Let’s get one thing straight from the start – Knit Wit is a beautifully presented game. From the box itself, through to the wooden spools, tiny clothes pegs and blackboard-style score cards, this game oozes quality in terms of its build quality. Judging a game purely on that obviously wouldn’t be a wise idea obviously, but considering that’ the first thing I noticed when I opened up Knit Wit, it felt only right to open the review with the same observation. The game itself, as I’ll do my best to explain, is every bit as enjoyable as opening up the box for the first time.
Knit Wit is very much a party game; games take less than 20 minutes, have a clear winner at the end and can be turned round ready to start again in moments. Some people have a tendency to use “party game” as a derogatory expression, a label for games which don’t have the required complexities to be considered a worthwhile addition to their collection, but I’m assuming these are the kinds of people who also haven’t played games like Codenames, every bit as much of a party game but still seen by many (including us) as one of the most enjoyable games around. In fact Knit Wit shares some of the base concepts of Codenames, while still carving out a very unique and fun game.
The idea of Knit Wit revolves around trying to dream up obscure words or phrases which link other words together, without anyone else making the same connection. During the setup phase loops of wool are attached to small clothes pegs and placed on the table (which, incidentally, will need to be a decent size if you want to make this easier to play). After each one is placed a numbered spool is positioned somewhere on the table within the loops, in such a way that it encompasses a combination of loops not already used (if you’re confused take a look at the photo below, it helps to make sense of this…). Words are also clipped into the clothes pegs, essentially giving each numbered spool a combination of words associated with it. In the example below, spool number one is inside the yellow, pink and purple loops, giving the players the words “historical”, “electrical” and “sharp” to work out how to link together.
Once all the loops, spools and words are in place it’s time for each player to come up with something to link each spool’s words together. In this instance I struggled with spool 1, going for what I can only assume was a useful farming item a few years back: “Roman Cattle Prod”. Spool number 4 offered “Dry” and “Harmful”, so I went basic with “Sword”, knowing that this was a bit risky as such an obvious answer. These get written by the player onto their awesome black scorecards pictured below using the white pencils provided in the box. This serves no practical difference to scoring at all, but there’s something very cool about the blackboard style scorecards and with them being double sided as well it’ll be a good while before you run out and have to grab a nearby notepad to keep score. Once someone decides they’ve got as many answers as they can come up with (or they’ve finished) they can grab a button off the top of the button pile; the earlier they do so the more bonus points they get at the end of the game, but as you’re not allowed to write any more after doing so it also means potentially rushing your answers and scoring less points in the first place.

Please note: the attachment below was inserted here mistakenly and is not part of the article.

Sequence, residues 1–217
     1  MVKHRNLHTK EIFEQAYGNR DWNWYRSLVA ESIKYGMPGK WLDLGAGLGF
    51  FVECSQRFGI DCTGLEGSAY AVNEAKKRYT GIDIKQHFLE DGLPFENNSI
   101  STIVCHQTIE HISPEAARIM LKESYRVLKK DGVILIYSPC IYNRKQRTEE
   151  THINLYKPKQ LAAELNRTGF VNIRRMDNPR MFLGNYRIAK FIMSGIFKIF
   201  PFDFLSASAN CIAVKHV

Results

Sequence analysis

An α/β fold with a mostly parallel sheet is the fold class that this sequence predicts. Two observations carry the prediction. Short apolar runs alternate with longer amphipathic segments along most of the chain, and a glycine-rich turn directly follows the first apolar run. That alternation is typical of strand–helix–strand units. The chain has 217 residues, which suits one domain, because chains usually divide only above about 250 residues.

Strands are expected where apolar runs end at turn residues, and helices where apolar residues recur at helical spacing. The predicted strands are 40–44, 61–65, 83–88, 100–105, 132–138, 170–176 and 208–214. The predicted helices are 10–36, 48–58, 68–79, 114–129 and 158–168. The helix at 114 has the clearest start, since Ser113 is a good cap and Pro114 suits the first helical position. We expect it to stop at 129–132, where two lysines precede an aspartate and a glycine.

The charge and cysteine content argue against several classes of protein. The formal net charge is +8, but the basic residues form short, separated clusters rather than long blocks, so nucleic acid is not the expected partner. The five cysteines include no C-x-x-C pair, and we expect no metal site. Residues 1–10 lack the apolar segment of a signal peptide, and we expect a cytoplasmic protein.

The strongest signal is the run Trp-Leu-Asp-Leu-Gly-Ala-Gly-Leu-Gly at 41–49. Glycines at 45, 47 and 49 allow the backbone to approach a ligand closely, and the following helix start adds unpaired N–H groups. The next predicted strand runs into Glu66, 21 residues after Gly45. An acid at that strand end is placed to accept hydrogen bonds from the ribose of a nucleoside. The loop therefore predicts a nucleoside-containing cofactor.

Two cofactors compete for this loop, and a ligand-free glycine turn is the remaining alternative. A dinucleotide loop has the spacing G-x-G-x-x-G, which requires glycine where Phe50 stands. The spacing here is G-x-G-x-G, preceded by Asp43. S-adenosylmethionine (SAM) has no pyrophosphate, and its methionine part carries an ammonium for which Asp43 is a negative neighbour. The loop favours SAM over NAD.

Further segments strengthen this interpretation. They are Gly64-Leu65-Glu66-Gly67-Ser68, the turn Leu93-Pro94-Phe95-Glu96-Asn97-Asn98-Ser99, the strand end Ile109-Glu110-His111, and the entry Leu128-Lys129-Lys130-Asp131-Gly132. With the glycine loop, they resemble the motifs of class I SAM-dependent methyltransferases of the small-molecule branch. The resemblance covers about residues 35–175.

If this all sounds too easy at the moment then don’t worry, there’s one big twist in the way you score points. Once everyone has finished you go through each spool and hear people’s answers. If two or more people have the same answer then you don’t get any points; you need a unique, relevant and hopefully amusing take on the words which are hooked onto that spool. If you manage to come up with something that makes no sense to other players they can challenge the answer, in which case you have 10 seconds to explain yourself before getting a thumbs up or down – fail to win them over and you’ve got a big zero next to that one as well. If, however, you manage to come up with a score-worthy answer then you’ll get points based on how many loops are on that spool – the more loops there are (and therefore the more words there are), the more points you get. Simple.
With the scores totalled up you add on bonus points based on which button you’ve got (the number of holes on the button denote whether you grabbed a button first, second or whatever) and come up with a final tally. Whoever has the most points, you’ll be surprised to hear, wins.
It’s very easy to get the hang of, and after one game you’ll probably find that everyone knows what’s going on and will want to play again. And again. And, probably, again. If you’re happy to accept slightly more unusual answers with tenuous links to the words in question then you can end up with some hilariously bizarre suggestions, which opens up the game to be even more enjoyable with a few friends. Playing with only 2 players works fairly well too, but the challenge of getting unique words obviously increases as you bring in more people – I’d certainly recommend a group or more players joining in on this one.
So would I recommend Knit Wit? Most definitely. It’s a very simple but highly addictive game, and with each game being fairly short there’s a very strong “just one more game…” factor making a short game turn into a long evening of enjoyment. It’s looks and feels amazing, has some very well designed rules and will keep you laughing for quite some time. Who can say no to that?